• 2
    $\begingroup$ I think with polymer chains, with high probability you get knots with many trefoil summands. So SnapPea wouldn't be very useful in this situation. SnapPea works best when your input knots tend to be prime. $\endgroup$ May 2 '12 at 20:53

I think Kevin's suggestion is likely to be a productive one. GAP has good routines for counting conjugacy classes of representations to a large number of finite groups.

A similar strategy you could use would be this sequence of steps:

1) triangulate the complement and simplify the triangulation. I would do this in SnapPy since its triangulation-simplification code is quite nice. http://www.math.uic.edu/t3m/SnapPy/

2) Export the triangulation to Regina http://regina.sourceforge.net/

3) In Regina, double the 3-manifold and compute Turaev-Viro invariants of the corresponding closed 3-manifold.

The nice thing about these steps is you could do them all in a python scripting interface. They're also very robust. Kevin's suggestions are quite robust, as well. It's not clear to me if one technique would have any advantage over the other.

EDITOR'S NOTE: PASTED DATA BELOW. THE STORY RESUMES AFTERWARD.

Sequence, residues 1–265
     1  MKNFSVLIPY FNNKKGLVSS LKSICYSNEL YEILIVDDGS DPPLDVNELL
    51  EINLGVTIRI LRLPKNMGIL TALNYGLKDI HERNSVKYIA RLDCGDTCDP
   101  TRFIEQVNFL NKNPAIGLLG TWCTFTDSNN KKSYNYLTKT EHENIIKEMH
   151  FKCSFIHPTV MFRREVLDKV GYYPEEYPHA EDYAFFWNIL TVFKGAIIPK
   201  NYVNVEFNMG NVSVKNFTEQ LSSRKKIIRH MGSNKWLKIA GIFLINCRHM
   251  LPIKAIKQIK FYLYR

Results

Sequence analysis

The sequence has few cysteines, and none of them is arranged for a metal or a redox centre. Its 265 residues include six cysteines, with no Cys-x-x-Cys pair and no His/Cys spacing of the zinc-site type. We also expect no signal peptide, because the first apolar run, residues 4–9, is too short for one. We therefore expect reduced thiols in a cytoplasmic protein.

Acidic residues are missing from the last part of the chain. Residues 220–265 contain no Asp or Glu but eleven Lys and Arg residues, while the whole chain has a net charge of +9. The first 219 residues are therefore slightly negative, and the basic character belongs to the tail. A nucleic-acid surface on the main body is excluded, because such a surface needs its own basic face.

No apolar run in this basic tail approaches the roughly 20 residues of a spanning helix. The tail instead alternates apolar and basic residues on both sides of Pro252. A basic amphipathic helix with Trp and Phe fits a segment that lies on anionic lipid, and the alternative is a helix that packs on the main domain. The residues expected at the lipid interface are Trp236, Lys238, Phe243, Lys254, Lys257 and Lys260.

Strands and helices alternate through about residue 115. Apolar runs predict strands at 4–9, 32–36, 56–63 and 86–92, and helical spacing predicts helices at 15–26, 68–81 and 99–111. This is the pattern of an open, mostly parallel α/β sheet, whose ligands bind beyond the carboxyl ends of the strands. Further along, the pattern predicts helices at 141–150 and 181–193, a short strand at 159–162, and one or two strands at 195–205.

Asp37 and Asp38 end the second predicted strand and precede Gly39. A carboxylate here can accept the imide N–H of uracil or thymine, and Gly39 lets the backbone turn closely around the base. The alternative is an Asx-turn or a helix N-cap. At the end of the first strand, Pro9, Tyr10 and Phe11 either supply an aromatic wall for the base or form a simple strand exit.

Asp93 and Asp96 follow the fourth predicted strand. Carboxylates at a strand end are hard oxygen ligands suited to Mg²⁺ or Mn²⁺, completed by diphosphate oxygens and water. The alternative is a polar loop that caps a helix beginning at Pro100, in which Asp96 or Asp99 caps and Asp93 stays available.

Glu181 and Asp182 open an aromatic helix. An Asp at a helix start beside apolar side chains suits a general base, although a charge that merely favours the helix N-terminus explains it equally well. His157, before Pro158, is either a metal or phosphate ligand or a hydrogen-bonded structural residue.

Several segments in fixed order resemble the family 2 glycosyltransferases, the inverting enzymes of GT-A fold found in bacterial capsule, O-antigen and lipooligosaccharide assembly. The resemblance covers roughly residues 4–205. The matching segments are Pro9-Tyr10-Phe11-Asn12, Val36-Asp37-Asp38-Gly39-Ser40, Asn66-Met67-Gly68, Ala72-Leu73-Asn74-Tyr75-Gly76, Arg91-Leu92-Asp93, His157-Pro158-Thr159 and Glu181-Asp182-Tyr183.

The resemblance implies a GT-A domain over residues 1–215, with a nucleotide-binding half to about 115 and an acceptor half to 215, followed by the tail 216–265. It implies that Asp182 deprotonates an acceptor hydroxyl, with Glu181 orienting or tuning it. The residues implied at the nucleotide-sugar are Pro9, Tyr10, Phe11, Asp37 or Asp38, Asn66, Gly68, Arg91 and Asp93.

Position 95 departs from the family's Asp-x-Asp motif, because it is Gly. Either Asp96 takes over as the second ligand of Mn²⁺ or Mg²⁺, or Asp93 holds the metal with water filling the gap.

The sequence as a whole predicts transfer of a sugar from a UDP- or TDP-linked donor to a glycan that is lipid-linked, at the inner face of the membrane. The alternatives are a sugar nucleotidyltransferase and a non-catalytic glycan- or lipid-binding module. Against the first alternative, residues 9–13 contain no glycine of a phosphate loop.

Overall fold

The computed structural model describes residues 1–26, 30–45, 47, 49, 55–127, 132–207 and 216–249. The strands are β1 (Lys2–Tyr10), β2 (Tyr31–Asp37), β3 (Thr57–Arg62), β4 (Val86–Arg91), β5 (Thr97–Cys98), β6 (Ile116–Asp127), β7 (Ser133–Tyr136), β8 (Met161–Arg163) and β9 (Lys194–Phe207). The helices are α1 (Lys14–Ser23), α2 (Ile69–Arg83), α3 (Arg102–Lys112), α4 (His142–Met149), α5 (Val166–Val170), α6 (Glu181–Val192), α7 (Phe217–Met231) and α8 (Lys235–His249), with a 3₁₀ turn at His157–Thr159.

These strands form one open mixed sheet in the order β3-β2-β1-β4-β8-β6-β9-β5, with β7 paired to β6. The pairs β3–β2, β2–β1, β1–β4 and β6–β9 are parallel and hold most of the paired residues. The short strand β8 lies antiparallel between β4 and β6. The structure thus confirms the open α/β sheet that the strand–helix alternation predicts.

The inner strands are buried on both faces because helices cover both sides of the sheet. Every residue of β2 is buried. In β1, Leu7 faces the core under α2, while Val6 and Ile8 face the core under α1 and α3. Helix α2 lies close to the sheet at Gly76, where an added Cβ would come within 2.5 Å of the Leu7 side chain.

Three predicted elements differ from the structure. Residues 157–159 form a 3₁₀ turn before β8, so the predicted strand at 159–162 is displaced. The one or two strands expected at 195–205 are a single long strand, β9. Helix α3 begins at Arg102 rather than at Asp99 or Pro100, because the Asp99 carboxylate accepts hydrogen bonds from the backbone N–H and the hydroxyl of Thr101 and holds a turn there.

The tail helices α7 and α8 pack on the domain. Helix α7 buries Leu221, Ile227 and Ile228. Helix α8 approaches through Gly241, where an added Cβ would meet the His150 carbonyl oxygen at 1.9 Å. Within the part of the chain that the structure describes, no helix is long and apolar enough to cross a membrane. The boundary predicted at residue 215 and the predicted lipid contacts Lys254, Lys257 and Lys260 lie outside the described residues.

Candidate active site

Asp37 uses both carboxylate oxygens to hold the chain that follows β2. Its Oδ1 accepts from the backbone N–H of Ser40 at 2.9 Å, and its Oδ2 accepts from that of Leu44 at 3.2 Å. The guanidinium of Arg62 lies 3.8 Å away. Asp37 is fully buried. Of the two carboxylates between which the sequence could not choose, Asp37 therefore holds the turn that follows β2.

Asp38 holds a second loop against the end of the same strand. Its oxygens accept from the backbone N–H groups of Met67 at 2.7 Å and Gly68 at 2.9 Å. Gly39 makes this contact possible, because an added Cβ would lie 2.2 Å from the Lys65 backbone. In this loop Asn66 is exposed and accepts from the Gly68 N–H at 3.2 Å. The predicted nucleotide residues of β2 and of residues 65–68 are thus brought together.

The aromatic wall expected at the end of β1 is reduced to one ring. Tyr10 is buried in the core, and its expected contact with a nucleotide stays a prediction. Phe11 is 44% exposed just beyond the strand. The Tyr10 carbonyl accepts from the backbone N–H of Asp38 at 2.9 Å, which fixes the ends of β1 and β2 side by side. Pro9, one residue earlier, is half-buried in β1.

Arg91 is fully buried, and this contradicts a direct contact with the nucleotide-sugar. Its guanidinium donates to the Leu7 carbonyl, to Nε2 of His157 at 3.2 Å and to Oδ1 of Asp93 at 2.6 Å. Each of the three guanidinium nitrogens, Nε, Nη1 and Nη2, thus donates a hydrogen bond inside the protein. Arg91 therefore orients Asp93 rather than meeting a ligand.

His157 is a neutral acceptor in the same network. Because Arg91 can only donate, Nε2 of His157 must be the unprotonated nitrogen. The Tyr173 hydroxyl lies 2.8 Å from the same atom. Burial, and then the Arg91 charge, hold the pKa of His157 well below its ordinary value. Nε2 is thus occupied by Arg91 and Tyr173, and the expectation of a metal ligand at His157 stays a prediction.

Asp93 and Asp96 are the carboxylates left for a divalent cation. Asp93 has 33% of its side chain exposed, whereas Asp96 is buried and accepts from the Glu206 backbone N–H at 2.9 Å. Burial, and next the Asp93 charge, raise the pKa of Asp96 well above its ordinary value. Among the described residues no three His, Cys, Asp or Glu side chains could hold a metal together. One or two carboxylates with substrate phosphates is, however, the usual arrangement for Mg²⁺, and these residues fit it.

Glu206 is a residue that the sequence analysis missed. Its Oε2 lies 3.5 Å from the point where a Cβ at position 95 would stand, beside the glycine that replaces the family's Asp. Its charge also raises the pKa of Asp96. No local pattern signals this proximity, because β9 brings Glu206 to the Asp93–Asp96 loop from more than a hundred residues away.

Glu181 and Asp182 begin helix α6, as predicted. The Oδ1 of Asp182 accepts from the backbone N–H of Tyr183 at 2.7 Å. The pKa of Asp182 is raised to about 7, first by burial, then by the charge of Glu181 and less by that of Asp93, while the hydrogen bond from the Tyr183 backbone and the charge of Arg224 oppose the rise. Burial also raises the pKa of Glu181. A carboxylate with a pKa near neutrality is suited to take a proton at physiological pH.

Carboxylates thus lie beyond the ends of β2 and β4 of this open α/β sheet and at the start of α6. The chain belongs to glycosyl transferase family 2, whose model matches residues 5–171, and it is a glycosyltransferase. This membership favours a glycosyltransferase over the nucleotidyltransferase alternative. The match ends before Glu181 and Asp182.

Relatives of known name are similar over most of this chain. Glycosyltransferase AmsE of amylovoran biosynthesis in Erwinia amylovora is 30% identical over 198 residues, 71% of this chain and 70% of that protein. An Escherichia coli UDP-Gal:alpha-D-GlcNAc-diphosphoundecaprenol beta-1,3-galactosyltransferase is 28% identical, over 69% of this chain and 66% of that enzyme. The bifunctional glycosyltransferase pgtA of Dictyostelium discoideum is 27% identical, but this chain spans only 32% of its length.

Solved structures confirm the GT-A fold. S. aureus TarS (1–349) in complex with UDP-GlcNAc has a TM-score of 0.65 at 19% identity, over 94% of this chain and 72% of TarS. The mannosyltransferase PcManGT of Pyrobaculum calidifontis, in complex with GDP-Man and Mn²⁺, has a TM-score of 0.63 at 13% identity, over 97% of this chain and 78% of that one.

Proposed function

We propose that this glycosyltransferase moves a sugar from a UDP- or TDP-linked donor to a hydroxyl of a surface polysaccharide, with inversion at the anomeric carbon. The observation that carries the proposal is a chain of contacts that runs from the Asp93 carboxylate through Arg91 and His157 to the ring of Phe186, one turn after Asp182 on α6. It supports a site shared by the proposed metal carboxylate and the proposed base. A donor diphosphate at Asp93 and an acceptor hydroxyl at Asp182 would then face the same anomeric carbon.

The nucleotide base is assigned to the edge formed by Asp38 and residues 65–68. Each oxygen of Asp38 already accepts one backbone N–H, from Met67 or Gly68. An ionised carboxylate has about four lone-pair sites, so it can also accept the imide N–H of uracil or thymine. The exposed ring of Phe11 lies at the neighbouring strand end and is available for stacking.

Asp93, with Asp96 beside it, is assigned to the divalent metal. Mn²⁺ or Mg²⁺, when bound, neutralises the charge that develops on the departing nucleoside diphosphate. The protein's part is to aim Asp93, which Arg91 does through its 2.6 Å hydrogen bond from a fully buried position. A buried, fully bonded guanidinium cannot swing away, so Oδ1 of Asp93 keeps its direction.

edit: The above three steps are relatively fast. Turaev-Viro invariants come in a sliding-scale, so you can choose the order of your invariant based on how quick you want the computation to be.

In the near future we'll have Alexander polynomial and module computations available in Regina, including things like signature invariants. Much of the code is written but I want to spend some more time extending the code and ensuring the code is bug-free before release. There are also a lot of other code you could use in Regina, like unknot recognition. But that's computationally quite expensive and you wouldn't want to use it on a large collection of knots.